Dylan Alcott was no stranger to the pressure when he rolled into Rod Laver Arena on Australia Day to contest the quad singles final of his home Grand Slam.
Nor was the audience a stranger to him.
The popular Melburnian had, after all, memorably claimed the four previous Australian Open titles and won dual Paralympics gold medals at the Rio 2016 Paralympic Games, after gold medal success with the Australian wheelchair basketball team, the Rollers, at the Beijing 2008 Paralympic Games and silver at the London 2012 Paralympic Games.
And if that wasn’t enough to acquaint the crowd with the effervescent Alcott, there’s also his other roles in the spotlight – television host, radio presenter, tennis commentator, motivational speaker, philanthropist and brand ambassador.
But it was this stage that would carry the greatest impact. Alcott had featured in the first Grand Slam wheelchair tennis final ever to be held on a centre court when he defeated Andy Lapthorne at Rod Laver Arena for the 2017 Australian Open title, and two years on, there was another breakthrough when his 2019 showdown with long-time rival David Wagner was broadcast live nationally on Channel 9.
“That win meant the most to me,” said an emotional Alcott. “Because if you put yourself out there, it puts more pressure on you. It really does. To broadcast it live to the world, never been done before in a final, that’s huge for the movement of Para-sports, everything that I believe in.”
That fans were treated to such a superb quality final – Alcott down 2-5 in the second set before securing the 6-4, 7-6(2) victory – only added to the positivity it generated.
“That was the highest quality tennis,” said the five-time champion, who also claimed the Australian Open doubles title with his close friend Heath Davidson. “To be able to broadcast [that], it meant a lot.”
It wasn’t the first time that Alcott had shown such resilience at his home tournament; battling a bacterial infection in 2018, he left his hospital bed on the day of the final to win a fourth quad singles title at Melbourne Park.
Fortitude is a quality Alcott has long held. Born with a tumour wrapped around his spinal cord, he underwent major surgery when he was just a few weeks old, resulting in paraplegia. While support from family and friends was plentiful as Alcott grew up in bayside Melbourne, there were also myriads of challenges. Experiencing bullying and loneliness as a teenager, an overweight Dylan also grappled with depression.
“On the whole, I knew my life had value. And yet I couldn’t quite be comfortable with who I was,” Alcott wrote in his autobiography ‘Able’. “When you are really different from everyone around you and you don’t have any role models whose path you can follow, well, you can’t hold out against bullying forever.”
Sport provided a positive turning point. As well as wheelchair tennis, Alcott also enjoyed Para-swimming and wheelchair basketball. After peaking at world No. 4 in the ITF junior rankings in 2008, the natural extrovert thrived for a time in team sports, and at 17, became the youngest member of the Australian Rollers to ever win a Paralympic gold medal.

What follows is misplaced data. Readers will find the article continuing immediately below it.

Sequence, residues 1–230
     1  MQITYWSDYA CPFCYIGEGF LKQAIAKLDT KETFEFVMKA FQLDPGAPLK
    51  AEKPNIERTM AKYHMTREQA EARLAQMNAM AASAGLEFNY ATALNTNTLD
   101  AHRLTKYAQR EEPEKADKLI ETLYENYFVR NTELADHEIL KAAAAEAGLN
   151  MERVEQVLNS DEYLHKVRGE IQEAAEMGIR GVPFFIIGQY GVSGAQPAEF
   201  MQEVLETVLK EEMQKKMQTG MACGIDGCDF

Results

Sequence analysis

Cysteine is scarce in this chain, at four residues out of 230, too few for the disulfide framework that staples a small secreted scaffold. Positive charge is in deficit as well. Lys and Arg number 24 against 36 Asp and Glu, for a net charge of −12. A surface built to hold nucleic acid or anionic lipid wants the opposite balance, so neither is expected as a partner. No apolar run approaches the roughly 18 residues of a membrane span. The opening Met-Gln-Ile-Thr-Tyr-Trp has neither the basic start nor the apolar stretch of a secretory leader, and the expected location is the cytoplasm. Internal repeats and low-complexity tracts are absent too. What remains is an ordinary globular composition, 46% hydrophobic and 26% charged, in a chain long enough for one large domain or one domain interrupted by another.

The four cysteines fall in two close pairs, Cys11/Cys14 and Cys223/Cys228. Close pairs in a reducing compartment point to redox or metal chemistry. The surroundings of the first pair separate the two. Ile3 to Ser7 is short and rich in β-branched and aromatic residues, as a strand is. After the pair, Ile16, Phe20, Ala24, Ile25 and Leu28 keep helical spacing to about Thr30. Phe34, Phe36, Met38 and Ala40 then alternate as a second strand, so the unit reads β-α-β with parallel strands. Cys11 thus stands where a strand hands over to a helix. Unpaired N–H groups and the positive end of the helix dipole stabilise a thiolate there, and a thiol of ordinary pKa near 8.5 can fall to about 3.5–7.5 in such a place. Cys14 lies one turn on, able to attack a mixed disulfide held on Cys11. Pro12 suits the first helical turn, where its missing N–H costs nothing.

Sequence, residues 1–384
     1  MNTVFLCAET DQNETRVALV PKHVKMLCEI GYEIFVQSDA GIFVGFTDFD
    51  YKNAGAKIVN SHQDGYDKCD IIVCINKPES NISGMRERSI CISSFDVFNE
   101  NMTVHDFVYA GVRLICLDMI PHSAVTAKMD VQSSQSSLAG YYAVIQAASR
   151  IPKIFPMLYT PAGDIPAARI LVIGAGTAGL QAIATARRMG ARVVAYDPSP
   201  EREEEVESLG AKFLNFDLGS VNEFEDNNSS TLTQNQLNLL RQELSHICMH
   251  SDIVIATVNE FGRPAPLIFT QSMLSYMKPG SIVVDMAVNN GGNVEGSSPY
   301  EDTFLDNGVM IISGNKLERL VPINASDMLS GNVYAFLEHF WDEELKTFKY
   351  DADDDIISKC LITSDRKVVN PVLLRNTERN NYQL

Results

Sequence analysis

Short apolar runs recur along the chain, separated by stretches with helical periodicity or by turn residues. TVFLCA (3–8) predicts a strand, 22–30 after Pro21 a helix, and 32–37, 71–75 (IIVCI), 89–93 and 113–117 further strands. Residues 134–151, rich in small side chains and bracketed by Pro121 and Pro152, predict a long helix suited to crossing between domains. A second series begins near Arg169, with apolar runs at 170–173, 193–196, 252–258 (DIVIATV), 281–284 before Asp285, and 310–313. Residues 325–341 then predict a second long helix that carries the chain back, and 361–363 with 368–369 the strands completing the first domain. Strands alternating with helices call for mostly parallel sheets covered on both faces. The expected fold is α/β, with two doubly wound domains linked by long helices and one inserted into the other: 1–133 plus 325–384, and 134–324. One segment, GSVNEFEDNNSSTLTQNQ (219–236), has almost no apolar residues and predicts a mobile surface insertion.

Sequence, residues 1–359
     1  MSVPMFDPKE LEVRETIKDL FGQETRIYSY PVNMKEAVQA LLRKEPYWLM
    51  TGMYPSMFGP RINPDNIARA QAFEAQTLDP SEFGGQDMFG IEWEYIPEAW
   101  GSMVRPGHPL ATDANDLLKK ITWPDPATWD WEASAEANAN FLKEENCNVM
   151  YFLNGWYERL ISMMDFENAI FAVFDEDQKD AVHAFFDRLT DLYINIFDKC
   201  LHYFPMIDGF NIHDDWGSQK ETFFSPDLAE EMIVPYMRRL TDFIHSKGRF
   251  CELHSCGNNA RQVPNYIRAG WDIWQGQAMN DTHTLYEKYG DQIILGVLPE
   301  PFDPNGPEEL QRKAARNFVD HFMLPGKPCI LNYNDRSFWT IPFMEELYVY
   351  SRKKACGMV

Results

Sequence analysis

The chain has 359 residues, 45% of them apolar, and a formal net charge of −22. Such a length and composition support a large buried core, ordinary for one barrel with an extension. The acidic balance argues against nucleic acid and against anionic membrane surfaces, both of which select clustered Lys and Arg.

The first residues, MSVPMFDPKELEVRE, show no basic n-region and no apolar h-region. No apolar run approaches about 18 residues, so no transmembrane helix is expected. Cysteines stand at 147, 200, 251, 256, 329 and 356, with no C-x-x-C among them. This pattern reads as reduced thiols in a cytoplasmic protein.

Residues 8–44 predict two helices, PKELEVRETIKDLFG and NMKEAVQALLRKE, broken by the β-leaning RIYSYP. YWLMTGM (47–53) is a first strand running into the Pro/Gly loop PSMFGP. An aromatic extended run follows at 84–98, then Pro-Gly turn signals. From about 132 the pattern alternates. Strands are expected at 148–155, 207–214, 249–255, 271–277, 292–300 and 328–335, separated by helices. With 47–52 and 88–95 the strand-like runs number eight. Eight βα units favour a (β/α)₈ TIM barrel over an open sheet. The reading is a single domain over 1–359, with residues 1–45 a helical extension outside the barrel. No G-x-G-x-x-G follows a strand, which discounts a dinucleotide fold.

“When I made the switch to play tennis from basketball, I remember I said to Tennis Australia, ‘I really want you to treat me like a professional tennis player first and foremost, who just happens to have a disability’,” said Alcott. “I wanted to get treated like Nick Kyrgios did, or Thanasi Kokkinakis, or Sam Stosur or Lleyton Hewitt.”
Combining that attitude with an impressive work ethic reaped big rewards for the gold-medal winning Alcott, also a nine-time Grand Slam champion across quad singles and doubles competition, as well as a long-time world No. 1.
Along the way, Alcott has accumulated a string of enviable experiences. A hitting session with Hollywood star Will Smith during the 2018 Australian Open was followed by a royal encounter at Wimbledon, when Alcott met Kate, Duchess of Cambridge and Meghan, Duchess of Sussex.
It’s unsurprising that there’s also huge support from fellow players, with world No. 1 Novak Djokovic among the many thrilled by the Australian’s success. “I’ve said it before, these guys [wheelchair tennis players] are heroes to me, they really are,” Djokovic said. “They make the game of tennis more beautiful and more unique because of what they do and how they do it.”
As similar accolades flow from a growing fan base, nothing means more to Alcott than the inspiration he’s provided to young people facing similar challenges to those he experienced.
“I remember as a 14-year-old lying in bed and all I wanted to do was make it in the mainstream in some way,” he tearfully recalled after lifting his latest Australian Open trophy. “I wanted to show we could be normal people, get a job, have a partner … I just wanted to see people with a disability succeeding in the mainstream.”
With a leading role on The Footy Show following his latest Grand Slam titles, Alcott has clearly done that. As he continues to challenge perceptions of disability, he has become the role model he desperately craved as a teenager.
“I’m the lucky one who has it at the moment,” said Alcott. “The next generation of young athletes, other sports, they deserve the same thing. They train just as hard as the Roger Federers, Usain Bolts, Michael Phelpses, whoever it is. It means the world to me to be able to cut through, break that glass ceiling. Hopefully it flows on for years to come and this becomes the norm.”
By Vivienne Christie, Tennis Australia